Getting Tax Reform History Right

“For the past 75 years or so, tax reform has been defined by a tradeoff: broaden the tax base and lower rates,” as tax historian Joseph Thorndike explained in a recent article. That’s the framework behind the Romney tax reform proposal, as well as the last major federal tax reform in 1986. History tells us that such a strategy will work if the tradeoff and its pro-growth purpose are explained to the American people, and the mechanics of base expansion are then worked out in bipartisan negotiations with Congress. That’s the lesson from the 1986 tax reform in which Ronald Reagan put forth the general framework and the details were then negotiated with Democrats and Republicans in Congress. That history lesson is very important now, but it will be lost if Americans don’t get the history right.

That is why my colleague and tax expert Charlie McLure was so concerned when he heard Vice-President Biden describe President Reagan’s approach to the 1986 tax reform in the vice-presidential debate this week. Charlie served in the U.S. Treasury in the 1980s and was responsible for preparing the tax proposals for President Reagan. As Charlie explained in an email yesterday, the history told in the debate wasn’t right:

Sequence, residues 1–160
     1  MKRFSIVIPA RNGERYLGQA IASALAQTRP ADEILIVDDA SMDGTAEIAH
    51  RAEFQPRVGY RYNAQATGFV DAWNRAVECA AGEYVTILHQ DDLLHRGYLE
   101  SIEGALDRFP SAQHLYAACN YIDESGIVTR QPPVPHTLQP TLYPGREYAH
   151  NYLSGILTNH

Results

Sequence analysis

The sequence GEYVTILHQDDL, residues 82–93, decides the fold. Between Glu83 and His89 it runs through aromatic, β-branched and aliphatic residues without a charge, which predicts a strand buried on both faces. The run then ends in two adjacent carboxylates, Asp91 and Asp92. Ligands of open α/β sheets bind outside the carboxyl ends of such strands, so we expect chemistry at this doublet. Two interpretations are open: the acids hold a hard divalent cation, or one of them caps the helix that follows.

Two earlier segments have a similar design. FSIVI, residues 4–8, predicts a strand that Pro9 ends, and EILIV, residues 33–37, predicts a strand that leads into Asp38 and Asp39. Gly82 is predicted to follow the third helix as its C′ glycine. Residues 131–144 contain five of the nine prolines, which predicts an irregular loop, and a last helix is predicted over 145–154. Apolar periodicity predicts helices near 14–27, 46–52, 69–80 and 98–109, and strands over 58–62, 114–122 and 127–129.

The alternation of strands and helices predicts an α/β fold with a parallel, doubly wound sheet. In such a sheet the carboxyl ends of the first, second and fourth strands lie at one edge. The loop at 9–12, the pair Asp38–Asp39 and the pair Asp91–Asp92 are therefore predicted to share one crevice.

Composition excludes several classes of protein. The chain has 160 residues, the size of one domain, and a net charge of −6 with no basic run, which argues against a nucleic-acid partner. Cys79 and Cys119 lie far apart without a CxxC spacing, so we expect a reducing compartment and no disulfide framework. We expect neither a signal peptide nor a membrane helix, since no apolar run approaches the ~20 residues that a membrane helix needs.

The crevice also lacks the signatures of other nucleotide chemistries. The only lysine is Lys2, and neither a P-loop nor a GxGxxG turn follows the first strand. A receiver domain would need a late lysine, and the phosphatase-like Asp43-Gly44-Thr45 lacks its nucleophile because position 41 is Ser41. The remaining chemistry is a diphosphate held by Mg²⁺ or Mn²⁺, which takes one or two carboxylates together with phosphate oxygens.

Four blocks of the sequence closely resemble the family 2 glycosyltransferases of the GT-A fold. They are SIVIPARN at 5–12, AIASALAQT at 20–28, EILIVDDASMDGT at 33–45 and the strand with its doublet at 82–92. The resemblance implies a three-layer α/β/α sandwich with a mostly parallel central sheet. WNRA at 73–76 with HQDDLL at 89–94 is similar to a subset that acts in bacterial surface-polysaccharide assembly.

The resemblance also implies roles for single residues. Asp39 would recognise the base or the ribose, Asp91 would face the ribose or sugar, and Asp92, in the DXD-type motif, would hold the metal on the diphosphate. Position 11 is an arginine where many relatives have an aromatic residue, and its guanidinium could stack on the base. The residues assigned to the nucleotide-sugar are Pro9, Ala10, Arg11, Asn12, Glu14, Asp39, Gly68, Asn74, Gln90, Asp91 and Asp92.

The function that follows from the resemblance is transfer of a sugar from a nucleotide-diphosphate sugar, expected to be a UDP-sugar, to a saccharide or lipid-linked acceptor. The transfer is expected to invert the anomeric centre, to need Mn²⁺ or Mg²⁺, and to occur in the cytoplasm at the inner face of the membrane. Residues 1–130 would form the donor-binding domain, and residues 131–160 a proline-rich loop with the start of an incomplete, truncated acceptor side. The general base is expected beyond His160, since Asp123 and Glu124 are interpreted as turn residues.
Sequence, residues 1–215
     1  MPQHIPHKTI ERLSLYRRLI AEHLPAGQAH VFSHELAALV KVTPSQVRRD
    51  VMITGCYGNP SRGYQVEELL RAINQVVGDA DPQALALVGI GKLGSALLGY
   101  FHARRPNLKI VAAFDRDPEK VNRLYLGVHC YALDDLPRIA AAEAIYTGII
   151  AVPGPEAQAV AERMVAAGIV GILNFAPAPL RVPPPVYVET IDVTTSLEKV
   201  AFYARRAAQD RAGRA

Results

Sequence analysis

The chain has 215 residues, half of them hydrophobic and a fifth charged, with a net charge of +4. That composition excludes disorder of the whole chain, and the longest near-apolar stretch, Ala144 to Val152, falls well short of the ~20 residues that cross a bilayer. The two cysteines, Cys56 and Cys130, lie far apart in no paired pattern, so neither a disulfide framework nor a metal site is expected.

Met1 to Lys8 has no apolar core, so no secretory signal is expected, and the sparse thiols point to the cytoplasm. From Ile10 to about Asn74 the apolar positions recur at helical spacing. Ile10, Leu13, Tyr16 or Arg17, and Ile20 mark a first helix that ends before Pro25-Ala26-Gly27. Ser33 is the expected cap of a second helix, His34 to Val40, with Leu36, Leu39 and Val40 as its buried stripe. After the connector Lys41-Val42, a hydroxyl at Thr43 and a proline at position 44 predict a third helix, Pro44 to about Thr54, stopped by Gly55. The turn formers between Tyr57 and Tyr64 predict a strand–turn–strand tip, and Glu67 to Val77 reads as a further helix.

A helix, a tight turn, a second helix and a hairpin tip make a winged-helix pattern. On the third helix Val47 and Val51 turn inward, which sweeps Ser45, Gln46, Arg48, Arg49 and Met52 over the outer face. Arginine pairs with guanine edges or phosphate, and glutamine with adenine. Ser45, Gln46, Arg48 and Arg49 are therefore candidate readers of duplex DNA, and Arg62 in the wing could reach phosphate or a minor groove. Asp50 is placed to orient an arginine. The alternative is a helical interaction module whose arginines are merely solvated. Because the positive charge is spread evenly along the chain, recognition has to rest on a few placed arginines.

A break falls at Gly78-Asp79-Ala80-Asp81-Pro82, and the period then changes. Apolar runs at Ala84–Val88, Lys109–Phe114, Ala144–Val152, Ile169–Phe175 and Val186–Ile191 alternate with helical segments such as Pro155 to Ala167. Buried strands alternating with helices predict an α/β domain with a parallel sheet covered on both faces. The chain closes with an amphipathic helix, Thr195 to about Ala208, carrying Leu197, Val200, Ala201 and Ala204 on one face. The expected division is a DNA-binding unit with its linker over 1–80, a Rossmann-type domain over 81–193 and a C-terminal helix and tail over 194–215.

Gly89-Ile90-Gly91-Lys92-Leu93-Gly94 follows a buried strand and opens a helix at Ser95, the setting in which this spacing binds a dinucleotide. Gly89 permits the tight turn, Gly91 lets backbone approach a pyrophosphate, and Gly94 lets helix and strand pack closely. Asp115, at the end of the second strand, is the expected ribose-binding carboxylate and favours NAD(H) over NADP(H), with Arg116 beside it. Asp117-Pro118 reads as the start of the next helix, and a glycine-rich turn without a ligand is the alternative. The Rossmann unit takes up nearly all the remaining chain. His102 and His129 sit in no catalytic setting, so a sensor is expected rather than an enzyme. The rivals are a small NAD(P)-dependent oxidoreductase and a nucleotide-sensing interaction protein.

During the Vice-Presidential debate, Vice-President Joe Biden asserted that President Ronald Reagan made his tax reform proposals public. The implication – and the only context in which the assertion would be relevant – is that he did so during the 1984 Presidential campaign. This is not true. As Deputy Assistant Secretary of the Treasury, I was responsible for preparation of the Treasury Department’s proposals to President Reagan. In his 1984 State of the Union address, President Reagan gave Treasury Secretary Don Regan the mandate to send him the proposals by a date in November that fell after the election. That is what we did. The President did not endorse the Department’s proposals and did not send his proposals to the Congress until May 1985, six months after the election. Had he done that before the election, the resulting demagoguery would have forced him to take so many options off the table that the Tax Reform Act of 1986 would not have happened – or at least would not have been the landmark legislation that it was.”

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